The Antarctic environment is generally in good condition however it is showing clear signs of impact from climate change according to The State of the Environment 2016 Report, released today by the Department of Environment and Energy.

The chapter on the Antarctic environment co-authored by Australian Antarctic Division scientists, Dr Andrew Klekociuk and Dr Barbara Wienecke, says the rate of change varies, with some areas such as the Antarctic Peninsula changing faster than others.

The most important factors contributing to physical change are warming of the oceans and the lower atmosphere, both of which are associated with increasing greenhouse gasses, and cooling of the stratosphere, mainly from ozone depletion.

There is increasing evidence that the ozone layer is starting to recover as a direct consequence of international controls on the use of human-made ozone depleting substances.

The report says the rate at which the physical environment of the Antarctic region is changing appears faster than the rate at which organisms, especially those of the higher order, can adapt.

The composition and abundance of flora and fauna are expected to alter if the environmental change continues. Some species could be lost if they are not able to adapt.

Dr Klekociuk and Dr Wienecke say the report is an assessment of the state and trends of the Antarctic environment primarily as they relate to Australia’s interests in the region. They have distilled the opinion of experts in specific fields and where possible have used up-to-date environmental and management data collected in support of the Australian Antarctic Program.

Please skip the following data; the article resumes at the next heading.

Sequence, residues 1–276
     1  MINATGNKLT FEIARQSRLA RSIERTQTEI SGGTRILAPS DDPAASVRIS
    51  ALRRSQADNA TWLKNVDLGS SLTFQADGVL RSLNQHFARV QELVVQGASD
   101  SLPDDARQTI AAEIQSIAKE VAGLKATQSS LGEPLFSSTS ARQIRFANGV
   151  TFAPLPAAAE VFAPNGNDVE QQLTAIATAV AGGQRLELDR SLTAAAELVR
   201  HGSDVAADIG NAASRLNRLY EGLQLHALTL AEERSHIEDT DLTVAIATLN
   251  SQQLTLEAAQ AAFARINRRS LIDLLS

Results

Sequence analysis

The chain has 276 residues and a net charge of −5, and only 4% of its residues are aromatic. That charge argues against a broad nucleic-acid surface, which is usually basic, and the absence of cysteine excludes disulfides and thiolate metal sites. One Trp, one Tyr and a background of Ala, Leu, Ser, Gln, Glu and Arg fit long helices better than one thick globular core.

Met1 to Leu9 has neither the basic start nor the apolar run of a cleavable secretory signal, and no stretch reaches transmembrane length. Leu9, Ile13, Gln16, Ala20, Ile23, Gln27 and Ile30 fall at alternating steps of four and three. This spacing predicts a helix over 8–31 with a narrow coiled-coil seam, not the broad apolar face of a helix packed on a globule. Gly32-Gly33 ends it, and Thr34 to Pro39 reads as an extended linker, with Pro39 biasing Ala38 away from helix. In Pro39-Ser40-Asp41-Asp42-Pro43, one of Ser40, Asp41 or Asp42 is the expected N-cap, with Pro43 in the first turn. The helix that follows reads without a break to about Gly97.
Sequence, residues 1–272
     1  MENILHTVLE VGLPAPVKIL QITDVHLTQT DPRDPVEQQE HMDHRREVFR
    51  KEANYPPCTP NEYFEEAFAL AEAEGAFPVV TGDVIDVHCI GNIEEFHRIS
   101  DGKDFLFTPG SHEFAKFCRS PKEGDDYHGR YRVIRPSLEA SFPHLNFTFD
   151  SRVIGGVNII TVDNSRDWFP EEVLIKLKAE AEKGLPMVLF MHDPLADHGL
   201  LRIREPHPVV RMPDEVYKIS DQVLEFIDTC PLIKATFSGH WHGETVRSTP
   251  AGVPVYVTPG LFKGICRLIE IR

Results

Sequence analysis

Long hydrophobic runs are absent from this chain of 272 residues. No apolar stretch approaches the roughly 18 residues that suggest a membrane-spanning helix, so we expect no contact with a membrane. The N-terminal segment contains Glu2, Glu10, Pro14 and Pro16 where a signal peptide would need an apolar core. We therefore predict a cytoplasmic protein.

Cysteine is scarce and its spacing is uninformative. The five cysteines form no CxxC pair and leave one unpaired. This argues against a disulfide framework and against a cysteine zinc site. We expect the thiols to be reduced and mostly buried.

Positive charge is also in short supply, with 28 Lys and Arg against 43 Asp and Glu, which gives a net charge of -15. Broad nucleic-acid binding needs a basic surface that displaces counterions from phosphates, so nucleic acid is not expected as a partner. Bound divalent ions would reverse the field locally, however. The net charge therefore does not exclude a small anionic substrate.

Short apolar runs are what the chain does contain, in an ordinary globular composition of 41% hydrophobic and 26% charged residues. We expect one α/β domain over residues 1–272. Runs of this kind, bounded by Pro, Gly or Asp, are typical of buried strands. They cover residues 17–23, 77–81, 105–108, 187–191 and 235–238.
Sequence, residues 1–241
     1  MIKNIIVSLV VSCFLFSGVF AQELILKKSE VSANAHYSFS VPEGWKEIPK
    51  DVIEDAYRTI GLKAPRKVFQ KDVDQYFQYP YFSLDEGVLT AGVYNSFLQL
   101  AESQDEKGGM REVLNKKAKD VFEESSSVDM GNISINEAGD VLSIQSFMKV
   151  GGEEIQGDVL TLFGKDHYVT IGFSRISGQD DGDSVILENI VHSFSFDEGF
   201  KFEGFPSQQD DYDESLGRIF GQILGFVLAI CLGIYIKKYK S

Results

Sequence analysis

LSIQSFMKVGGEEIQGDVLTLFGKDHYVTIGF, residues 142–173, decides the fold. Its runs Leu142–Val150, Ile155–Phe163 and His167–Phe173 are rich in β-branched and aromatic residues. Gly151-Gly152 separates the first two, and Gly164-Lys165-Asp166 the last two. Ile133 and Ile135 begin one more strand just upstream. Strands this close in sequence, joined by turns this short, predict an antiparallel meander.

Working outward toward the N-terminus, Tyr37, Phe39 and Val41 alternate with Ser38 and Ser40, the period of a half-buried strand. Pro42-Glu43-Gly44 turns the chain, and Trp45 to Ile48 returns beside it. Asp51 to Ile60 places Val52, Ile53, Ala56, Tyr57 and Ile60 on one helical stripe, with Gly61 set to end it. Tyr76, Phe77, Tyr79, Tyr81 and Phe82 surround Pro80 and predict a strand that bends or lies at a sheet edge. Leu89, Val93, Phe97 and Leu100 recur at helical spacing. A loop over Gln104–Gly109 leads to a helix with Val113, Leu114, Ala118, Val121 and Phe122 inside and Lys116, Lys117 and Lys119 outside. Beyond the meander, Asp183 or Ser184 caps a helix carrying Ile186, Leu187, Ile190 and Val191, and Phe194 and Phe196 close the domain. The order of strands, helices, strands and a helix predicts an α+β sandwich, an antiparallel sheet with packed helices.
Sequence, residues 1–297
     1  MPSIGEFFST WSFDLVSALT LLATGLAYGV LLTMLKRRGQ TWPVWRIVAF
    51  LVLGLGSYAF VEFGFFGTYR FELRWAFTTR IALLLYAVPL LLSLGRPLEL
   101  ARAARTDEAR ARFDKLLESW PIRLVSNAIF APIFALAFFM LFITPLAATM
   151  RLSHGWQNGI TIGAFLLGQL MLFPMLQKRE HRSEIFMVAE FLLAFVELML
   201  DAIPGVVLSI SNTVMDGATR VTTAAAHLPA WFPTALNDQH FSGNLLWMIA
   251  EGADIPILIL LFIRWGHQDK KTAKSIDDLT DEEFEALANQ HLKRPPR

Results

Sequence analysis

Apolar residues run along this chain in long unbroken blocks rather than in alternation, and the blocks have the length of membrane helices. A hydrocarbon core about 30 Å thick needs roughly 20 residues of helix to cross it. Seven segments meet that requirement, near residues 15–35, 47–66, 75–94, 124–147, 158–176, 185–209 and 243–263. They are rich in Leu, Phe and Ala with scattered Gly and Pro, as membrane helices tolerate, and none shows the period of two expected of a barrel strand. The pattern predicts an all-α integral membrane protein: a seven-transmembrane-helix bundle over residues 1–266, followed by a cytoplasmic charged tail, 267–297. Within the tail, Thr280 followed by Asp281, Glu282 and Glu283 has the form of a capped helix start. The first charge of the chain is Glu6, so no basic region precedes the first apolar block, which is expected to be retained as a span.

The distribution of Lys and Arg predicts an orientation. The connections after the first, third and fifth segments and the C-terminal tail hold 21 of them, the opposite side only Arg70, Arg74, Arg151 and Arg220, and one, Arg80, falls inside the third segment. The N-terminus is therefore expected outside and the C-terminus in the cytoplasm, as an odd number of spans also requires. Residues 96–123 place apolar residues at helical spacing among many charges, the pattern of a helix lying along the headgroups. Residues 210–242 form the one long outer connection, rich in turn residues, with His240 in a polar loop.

It is largely an update of the 2011 State of the Environment report informed by peer-reviewed literature that has appeared in the last five years.

The Report’s key findings:

  • Antarctica continues to warm, with changes in atmospheric circulation brought about by the Antarctic ozone hole reducing the overall amount of warming, particularly in summer.
  • While the Antarctic ice sheet is losing mass overall, this is primarily occurring in West Antarctica and the Antarctic Peninsula. The East Antarctic ice sheet remains close to neutral, or with a small gain in mass.
  • While there has been a small increase in the extent overall of sea ice, and length of the ice season, there are strong regional differences which remain under investigation.
  • The Southern Ocean continues to warm, with species from warmer waters increasing their range southwards.
  • Ocean acidification, increasing wind strength and changes in ocean circulation in the Southern Ocean may affect the base of Antarctic food webs.
  • Antarctic ecosystems are changing, especially where snowfall is replaced by rain.
  • Population trends of animals vary across Antarctica with populations decreasing in some regions and possibly increasing in others.
  • Sub-Antarctic islands continue to change, with a continued retreat of the glaciers at Heard Island. Areas affected by human activities in Antarctica continue to increase.

The Australian Antarctic Program, led by the Australian Antarctic Division, supports science that continues to build understanding of the likely impact of changes in the Antarctic region.

The Australian Antarctic Strategy and 20 Year Action Plan, launched by the Australian Government in April 2016, outlines initiatives that will support key scientific endeavours, including a state-of-the-art icebreaker for research and resupply.